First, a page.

As for the trees in Pan Pacific Park, according to the plaque, the L.A. chapter of the Jewish National Fund (JNF) was responsible for their planting. JNF staff members interviewed for this article couldn’t find any information about the trees in their records, but an article that appeared in The Los Angeles Times on June 21, 1984, days before the trees were planted, included a quote from Sanford Deutsch, the president of the JNF’s local chapter at the time.
“Planting of trees is the symbol of continuity of life through the ages and the rebirth of the land,” Deutsch told The Times. “We shall always remember these heroes for their sacrifice.”
Attempts to contact Deutsch on Thursday were not successful.
Today, although there are 11 purple-leafed plum trees near the plaque, only nine of them are part of the memorial grove, according to Leon Boroditsky, a tree surgeon with the Los Angeles City Department of Recreation and Parks’s forestry division. (The two oldest and largest trees—which stand apart from the others by, separated by an asphalt walking path—predate the memorial.) Though the trees can live as long as 150 years, a few of the original trees have died out, Boroditsky said. With help from volunteers associated with the nonprofit group Tree People, the department is replacing the missing trees: Three new trees were planted a few years ago, Boroditsky said, and volunteers planted another new tree last April. Still, two are missing.
“Being a tree in a park is a difficult life,” Boroditsky said, “Not as difficult as a street tree, but it definitely has its challenges, with kids and dogs and soccer players.”
He said he plans to replace the last two trees in the fall, when the weather is better suited for planting.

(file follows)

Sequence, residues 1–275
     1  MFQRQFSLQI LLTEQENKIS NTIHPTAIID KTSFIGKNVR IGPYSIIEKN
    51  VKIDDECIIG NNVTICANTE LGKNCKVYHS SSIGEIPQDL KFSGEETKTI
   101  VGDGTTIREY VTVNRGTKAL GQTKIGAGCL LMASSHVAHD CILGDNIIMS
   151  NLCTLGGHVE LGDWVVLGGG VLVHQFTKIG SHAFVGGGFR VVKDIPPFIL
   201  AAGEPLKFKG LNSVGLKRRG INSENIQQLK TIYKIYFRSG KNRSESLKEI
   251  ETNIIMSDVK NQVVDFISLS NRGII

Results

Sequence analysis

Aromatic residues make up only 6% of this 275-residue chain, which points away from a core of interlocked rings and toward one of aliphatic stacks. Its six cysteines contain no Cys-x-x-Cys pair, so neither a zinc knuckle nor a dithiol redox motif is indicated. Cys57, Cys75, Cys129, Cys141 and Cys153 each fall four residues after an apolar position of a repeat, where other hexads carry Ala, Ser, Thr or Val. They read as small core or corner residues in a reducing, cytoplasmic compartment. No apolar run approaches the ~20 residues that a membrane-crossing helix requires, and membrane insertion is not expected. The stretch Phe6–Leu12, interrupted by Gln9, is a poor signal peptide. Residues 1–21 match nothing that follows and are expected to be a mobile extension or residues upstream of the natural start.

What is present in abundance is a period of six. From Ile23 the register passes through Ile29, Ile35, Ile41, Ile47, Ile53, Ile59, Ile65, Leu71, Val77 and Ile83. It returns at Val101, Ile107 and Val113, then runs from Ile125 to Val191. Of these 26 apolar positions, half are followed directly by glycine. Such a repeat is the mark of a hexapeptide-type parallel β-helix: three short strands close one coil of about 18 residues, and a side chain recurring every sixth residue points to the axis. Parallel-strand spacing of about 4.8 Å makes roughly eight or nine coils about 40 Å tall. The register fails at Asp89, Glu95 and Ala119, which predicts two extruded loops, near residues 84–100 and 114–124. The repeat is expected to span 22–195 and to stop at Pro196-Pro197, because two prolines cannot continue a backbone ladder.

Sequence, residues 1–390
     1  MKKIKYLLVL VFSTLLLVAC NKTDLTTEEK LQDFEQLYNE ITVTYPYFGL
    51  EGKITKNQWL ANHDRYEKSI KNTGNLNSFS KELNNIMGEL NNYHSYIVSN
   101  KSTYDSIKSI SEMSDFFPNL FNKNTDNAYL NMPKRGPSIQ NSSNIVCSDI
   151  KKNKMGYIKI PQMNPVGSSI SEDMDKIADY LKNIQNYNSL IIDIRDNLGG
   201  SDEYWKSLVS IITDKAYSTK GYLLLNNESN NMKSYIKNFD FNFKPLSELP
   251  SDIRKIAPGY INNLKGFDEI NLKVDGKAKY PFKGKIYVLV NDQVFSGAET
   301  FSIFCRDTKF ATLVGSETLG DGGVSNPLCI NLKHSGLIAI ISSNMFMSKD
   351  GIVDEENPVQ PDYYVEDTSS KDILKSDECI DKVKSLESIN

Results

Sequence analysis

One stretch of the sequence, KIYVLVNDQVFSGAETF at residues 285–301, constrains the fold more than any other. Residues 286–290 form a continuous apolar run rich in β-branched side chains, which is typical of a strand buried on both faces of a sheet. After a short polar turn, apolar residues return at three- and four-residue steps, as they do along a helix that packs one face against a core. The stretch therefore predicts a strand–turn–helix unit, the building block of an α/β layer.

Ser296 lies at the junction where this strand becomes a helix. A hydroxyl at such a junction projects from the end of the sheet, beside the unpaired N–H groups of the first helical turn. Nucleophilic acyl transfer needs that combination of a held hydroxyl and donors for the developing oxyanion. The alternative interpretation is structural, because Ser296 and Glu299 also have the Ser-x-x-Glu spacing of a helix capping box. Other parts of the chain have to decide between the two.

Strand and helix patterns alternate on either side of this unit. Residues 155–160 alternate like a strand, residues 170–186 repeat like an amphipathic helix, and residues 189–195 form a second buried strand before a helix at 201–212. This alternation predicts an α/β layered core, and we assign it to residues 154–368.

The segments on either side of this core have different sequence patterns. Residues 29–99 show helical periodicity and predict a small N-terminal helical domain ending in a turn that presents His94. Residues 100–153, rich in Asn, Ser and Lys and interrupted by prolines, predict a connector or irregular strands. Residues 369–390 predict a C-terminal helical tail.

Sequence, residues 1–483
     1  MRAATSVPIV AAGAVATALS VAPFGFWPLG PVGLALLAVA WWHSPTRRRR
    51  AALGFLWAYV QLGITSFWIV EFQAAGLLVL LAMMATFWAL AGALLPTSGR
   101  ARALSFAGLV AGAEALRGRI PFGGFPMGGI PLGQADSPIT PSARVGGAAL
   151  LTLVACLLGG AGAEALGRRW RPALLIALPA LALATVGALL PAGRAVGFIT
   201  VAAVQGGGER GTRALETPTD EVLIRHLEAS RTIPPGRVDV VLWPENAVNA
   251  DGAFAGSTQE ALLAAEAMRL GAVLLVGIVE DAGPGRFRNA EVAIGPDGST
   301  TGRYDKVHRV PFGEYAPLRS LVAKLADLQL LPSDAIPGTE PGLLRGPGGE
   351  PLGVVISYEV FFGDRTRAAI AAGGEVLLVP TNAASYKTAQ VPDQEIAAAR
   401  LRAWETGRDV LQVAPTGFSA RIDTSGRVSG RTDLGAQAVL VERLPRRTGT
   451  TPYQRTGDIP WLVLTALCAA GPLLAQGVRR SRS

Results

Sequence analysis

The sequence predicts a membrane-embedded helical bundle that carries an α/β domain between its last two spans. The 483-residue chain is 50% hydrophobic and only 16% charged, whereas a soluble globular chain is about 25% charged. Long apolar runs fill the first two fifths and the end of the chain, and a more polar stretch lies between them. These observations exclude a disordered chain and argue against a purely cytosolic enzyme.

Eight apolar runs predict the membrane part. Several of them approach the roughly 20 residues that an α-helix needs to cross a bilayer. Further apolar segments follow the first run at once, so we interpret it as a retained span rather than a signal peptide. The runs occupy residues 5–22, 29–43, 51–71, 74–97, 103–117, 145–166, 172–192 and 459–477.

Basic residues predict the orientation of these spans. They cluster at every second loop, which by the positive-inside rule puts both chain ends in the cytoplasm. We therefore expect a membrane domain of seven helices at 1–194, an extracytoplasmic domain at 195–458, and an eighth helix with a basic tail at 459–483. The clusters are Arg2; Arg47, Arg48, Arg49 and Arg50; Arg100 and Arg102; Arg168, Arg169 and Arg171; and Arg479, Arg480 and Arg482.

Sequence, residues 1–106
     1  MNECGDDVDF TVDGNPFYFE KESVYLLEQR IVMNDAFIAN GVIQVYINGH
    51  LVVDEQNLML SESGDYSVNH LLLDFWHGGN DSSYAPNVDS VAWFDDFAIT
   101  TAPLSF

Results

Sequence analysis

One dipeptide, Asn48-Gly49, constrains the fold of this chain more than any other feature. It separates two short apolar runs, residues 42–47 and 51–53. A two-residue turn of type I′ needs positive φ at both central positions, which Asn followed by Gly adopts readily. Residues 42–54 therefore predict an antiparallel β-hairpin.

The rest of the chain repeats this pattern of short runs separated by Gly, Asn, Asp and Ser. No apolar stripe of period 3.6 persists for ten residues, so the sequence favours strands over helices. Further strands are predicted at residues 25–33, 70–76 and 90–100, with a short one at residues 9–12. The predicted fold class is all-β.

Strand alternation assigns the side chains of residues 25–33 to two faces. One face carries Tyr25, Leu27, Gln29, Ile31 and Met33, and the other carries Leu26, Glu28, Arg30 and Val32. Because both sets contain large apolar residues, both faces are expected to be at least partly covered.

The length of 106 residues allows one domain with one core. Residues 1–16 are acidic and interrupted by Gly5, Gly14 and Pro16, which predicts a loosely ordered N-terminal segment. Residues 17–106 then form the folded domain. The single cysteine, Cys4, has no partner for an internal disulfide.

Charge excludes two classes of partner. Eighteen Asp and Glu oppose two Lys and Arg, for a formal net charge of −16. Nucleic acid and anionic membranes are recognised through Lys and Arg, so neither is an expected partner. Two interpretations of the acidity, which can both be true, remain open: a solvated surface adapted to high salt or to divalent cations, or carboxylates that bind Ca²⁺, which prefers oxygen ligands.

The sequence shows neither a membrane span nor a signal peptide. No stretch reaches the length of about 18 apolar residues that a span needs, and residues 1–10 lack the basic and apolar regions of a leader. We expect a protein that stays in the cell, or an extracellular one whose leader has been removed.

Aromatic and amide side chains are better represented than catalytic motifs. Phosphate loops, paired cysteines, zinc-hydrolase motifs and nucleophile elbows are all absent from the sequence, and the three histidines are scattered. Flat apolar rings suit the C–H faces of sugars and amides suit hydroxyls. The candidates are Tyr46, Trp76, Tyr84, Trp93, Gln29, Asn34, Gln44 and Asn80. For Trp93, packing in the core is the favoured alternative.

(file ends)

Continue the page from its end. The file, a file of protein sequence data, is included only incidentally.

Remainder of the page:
“We think groves like this are important,” Boroditsky said, “and we want to maintain them to the best of our ability. But our staffing is really low.”
But for now, all eyes are on London. Steve Gold, a former president of the JCC Rockland who chaired the petition campaign, didn’t rule out the possibility that the IOC might change its mind about holding a minute of silence in London this year.
“I believe in miracles,” he said.
Should the IOC stand firm, though, Gold said the London games would not mark the end of Spitzer and Romano’s quest to have the 11 Israeli athletes remembered at the Olympics.
“If the opening ceremony comes and goes without a minute of silence, we’re not stopping,” he said. “We’re going to continue until there’s a minute of silence. There’s a summer games every four years.”
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July 19, 2012 | 12:01 am
Posted by Jonah Lowenfeld
Hundreds of thousands of mourners reportedly attended the funeral of Rabbi Yosef Shalom Elyashiv in Jerusalem on July 18, and across the world, people remembered the eminent Orthodox rabbi who died on Wednedsay at the age of 102.
Rabbi Gershon Bess, the spiritual leader of Kehilas Yaakov in Los Angeles, said he would visit Elyashiv at least once a year, to consult with him on matters of Jewish jurisprudence.
“This is a person that one could ask any halachic question on any topic and get a well-researched answer based on Talmudic and later Responsa,” Bess said on Wednesday. “I don’t believe that there is anyone else in the world at this point now who is able to replace him.”
“Even the greatest rabbinical authorities in the United States would show extreme deference to anything he [Elyashiv] would say,” Bess said. “Nobody but Rabbi Moshe Feinstein was considered as a final decisor on so many issues.”
No plans for a Los Angeles-based memorial have been discussed, Bess said, but he speculated that some kind of public remembrance might take place in the city at some point in the coming days or weeks.
July 11, 2012 | 2:59 pm
Posted by Jonah Lowenfeld
With Republican leaders predicting a massive shift of Jewish voters away from President Barack Obama this November, a new study shows just how reliably Democratic Jewish voters are.
The study, conducted by Democratic pollsters Mark Mellman and Aaron Strauss with University of Florida professor Kenneth Wald, analyzed exit poll data from 1972-2008 and found that Jews vote for Democrats in far higher numbers than the rest of the electorate. Furthermore, most Jews (57 percent in 2008) identify as Democrats, and many identify as liberals – 45 percent in 2008, far higher than the overall rate among Americans, 22 percent of whom identified as liberals in a Gallup poll taken that year.